When I was younger I used hostels and they were really cheap, I did 6 max to a room and would speak to people there or at the breakfast tables. It’s a great way to meet people, some hostels in countries are pitiful and others are as good as a basic hotel. If you’re extroverted this is good ground to make friends- read reviews and ensure it is close to transport links and fun things for you. If you’re an introvert, I wouldn’t put yourself out on the first trip, unless that’s the point. Try 3- and 4-star hotels, there you can speak with people at check-in, at the buffet bars and around the reception area. Hotels and hostels do have excursion desks and that is another place to meet people. Airbnb and serviced accommodations are great if you want a beach spot and a quiet relaxing scenic trip, speak to the host beforehand and get a good feel for them. If you feel unsafe, call Airbnb and leave, your safety comes first, and this is where having a second accommodation in mind helps.

See Also

 

Your carry on needs to have the essentials

I always say this, the one time I didn’t follow this through, my wedding wig was in my luggage and it didn’t get to my final destination for 2 days. The wedding was the 4th day, I had in 2 plaits and hardly any tools to doll my hair up. I made the biggest mistake and also said the biggest travel prayer. I had to buy more underwear and t-shirts but I had my headscarf, so there were small silver lines. Always pack your small essential clear liquids bag with your mini products (face wash and moisturiser, hair and body creams), a few pairs of underwear and t-shirts, plus your headscarf. Fill that bag/tote/backpack/cabin approved suitcase to the brim. You could add in: your charger, passport, cards, travel purse, waterproof phone case, safety document holder, spare travel lock and key set, portable charger for your devices, spare pen, reading or notebook, sandals, microfibre towel (use for body, beach or hair towel if going into the ocean) and more.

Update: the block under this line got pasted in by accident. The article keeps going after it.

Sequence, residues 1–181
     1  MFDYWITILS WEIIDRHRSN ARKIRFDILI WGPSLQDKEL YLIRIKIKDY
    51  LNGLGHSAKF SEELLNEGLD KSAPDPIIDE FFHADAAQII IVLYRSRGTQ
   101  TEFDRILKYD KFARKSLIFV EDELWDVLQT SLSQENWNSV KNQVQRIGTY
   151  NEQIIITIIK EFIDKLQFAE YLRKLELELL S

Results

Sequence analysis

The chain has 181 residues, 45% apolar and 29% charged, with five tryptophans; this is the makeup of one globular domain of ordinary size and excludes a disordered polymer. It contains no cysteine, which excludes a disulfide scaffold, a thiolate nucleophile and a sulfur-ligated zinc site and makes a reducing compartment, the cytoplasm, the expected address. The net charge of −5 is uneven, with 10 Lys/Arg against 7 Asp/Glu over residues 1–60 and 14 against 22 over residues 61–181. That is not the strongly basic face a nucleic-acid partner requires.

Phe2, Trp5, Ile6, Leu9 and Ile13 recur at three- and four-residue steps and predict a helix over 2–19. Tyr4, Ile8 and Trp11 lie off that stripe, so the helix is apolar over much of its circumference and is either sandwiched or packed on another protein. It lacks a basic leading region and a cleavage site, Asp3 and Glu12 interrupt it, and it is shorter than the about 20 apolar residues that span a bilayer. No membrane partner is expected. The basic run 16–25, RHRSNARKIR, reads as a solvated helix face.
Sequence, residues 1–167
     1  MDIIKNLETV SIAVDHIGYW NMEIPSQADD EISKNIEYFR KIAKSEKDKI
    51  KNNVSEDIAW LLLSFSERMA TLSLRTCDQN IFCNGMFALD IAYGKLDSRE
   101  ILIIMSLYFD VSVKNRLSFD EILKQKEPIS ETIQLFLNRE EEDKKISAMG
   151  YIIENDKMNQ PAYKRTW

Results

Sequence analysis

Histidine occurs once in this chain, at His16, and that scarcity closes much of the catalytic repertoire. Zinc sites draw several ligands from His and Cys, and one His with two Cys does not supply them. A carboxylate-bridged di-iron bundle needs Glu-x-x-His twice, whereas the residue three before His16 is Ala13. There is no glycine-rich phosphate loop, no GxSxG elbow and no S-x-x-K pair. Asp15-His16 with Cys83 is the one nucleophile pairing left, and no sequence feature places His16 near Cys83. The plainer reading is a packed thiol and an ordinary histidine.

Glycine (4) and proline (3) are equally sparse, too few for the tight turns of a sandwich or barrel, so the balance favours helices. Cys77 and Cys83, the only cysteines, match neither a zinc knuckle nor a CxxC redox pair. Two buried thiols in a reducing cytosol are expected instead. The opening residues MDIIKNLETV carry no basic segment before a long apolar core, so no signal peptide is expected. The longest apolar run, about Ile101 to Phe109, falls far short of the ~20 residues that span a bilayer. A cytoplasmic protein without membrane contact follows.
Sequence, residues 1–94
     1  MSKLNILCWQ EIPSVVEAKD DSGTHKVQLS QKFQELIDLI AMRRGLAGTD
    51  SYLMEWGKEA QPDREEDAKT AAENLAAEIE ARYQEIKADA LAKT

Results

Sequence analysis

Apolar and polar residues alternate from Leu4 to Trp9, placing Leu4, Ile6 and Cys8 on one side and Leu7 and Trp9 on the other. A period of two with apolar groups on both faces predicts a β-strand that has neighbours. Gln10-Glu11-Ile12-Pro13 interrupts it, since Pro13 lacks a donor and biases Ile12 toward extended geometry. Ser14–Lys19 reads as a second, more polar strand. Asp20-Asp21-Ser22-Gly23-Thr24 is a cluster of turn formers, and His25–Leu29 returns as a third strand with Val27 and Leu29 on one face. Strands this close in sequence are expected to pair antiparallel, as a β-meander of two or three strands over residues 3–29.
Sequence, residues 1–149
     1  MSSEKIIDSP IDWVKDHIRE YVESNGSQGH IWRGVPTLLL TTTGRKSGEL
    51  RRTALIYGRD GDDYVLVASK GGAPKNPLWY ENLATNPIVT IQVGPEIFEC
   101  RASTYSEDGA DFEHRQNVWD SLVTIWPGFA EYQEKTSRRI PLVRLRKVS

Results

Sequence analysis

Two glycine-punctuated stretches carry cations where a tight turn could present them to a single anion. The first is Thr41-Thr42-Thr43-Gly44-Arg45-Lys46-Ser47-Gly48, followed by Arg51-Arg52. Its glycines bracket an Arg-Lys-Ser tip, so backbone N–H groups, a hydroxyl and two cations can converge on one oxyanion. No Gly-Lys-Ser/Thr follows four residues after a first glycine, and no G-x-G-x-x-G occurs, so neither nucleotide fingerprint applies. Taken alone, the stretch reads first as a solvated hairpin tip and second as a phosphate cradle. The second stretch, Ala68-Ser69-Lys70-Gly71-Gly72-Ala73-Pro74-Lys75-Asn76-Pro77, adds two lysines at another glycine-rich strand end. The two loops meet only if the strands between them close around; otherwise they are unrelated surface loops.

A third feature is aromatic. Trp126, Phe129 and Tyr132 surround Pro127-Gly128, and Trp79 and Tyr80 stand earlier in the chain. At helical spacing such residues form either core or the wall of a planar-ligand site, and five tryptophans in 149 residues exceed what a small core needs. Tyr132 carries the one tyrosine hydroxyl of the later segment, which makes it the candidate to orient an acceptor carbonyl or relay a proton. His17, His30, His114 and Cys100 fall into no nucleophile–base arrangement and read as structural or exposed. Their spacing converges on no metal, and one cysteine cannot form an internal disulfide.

Talk to strangers

I know we were raised not to do this, but the best stories come from speaking with locals and being open to conversation and experiences. You’ll learn about the local area and get the best recommendations. You may even make a friend or have company for breakfast, lunch or a beach stroll. I do encourage using your gut and common sense, I also apply a night-time curfew whereby I aim to get in before sunset or 8/9 pm for safety. That is different when I’ve moved to live solo, but for travel, I try not to give my parents heart palpitations.

 

Manners

Manners will always bring you far. I believe it’s courteous to learn a few phrases in the native language: hello/goodbye, good day, and yes/no. Respecting other cultures reminds me that we’re all human and in English speaking countries we often hold an air of superiority. What if non-English-speaking people expected that of us too, and would treat us better if we tried?

Plan your trip, bring extra money, carry your essentials and have a blast! Where are you heading to first?